• I think it probably could, assuming they weren’t too heavy. Given it can hold up a person, it should be able to handle some shoes. It’s just the drag aspect really, but I just can’t imagine a pair of shoes would cause much issue there.

  7. oldSAP

    tried out the safer swimmer yesterday (medium size) i had my flipflops, garmin 110 watch, an 8oz Salomon Hydrapak Soft Flask Hydration filled with water, eyeglasses with hard casing, keys, shirt, and a towel. blew it up with air. and went into the water. it was able to keep me afloat (i weigh 143lbs) easily. the garmin fit data was also able to record my swim nicely.
    Ray, how do i edit the garmin fit data to remove the part where i was still out of the water?

  8. Maxime

    If anyone can find a place where you can buy it with a reasonable price for shipping in Canada, i’m in..
    For now it’s 20$ from cleverTraining and 37$ from Adolph Kiefer and that is way too much.

  9. Tosin

    How much do you weigh? I notice you are using the Large version, and I’m trying to decide whether to get the L or M size?


  10. Having a very colorful swimcap goes a long way when it comes to visibility, if you don’t have a really bad position in water.

  11. Alex

    I was intrigued when you posted about your swim-around-the-fort. Your review and coupon code (thanks!) sealed the deal – my family purchased one last week. We took it out for its maiden voyage a few days ago. The Garmin FR210 we tucked inside produced an excellent track. This should provide the extra assurance we need to do more solo open-water swimming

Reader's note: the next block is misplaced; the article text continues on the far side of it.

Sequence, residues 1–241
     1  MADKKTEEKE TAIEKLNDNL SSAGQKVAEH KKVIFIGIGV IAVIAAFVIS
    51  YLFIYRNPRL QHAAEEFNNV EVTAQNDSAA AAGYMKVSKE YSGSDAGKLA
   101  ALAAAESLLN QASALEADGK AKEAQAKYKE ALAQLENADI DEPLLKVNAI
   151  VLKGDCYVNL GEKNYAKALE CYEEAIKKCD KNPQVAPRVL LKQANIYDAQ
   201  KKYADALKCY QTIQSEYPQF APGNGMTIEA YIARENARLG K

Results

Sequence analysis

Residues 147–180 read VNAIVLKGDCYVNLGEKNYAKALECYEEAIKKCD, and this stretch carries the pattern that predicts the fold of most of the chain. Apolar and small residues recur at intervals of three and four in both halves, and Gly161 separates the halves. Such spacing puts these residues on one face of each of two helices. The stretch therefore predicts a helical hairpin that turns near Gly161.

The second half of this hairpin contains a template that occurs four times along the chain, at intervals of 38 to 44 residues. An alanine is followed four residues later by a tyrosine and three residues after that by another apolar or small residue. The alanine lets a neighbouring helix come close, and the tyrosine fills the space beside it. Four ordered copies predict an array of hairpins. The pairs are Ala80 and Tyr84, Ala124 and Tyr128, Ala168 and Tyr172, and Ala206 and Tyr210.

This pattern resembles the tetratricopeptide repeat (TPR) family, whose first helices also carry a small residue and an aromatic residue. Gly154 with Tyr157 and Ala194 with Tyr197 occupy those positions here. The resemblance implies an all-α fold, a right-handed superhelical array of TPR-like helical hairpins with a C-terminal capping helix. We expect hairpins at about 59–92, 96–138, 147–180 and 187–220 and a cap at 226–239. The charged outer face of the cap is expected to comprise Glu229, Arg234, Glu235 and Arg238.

12. Tosin

    Took the maiden voyage with mine today. I forgot to bring my wetsuit, so I was wearing a Speedo. There was no chafing, and I never felt a tugging, nor did I feel it while kicking. Definitely worth it. I also bought the Kiefer version, but mine did not come with the carabiner style hook that yours has. No big deal. Thanks again.

  13. Very good review. I use it myself quite a lot, so nobody steals my stuff on the beach while I swim. Tip: If you are in EU, you can get it directly from http://swimsafetydevice.com

  14. Brian E

    Great review.
    I tried to order one with your code but there was no place to enter the code.
    So, I did not order one from the link you included.

    • Hi Brian-

      Sorry for the troubles. The code is on the checkout screen – just when you have your order summary. It says below the shopping cart “Coupon or Gift Card”.


  15. Stovey

    Looks a great device I often feel a bit exposed on lone open water swims when boats are around. I wonder if some kind of flag on a thin pole would work on the back? The float looks good but i’m not sure you’re much more visible than when just wearing a cap, it seems to work well as a store for your stuff though.

    • It’d probably be difficult to add a pole/flag because the definition of ‘up’ might vary a bit. It’s pretty visible as-is though.

    • Kenn

      You might be talking about something like this: link to blog.swimator.com

    • joel

      i know this is old, but i keep thinking about adding a flag myself. where i swim has lots of kite boarders and wind surfers. and before i had this i got ran over by a couple in a kayak. we have buoys set up for 500, 100 and 1500m swims they are supposed to avoid. but people don’t always know.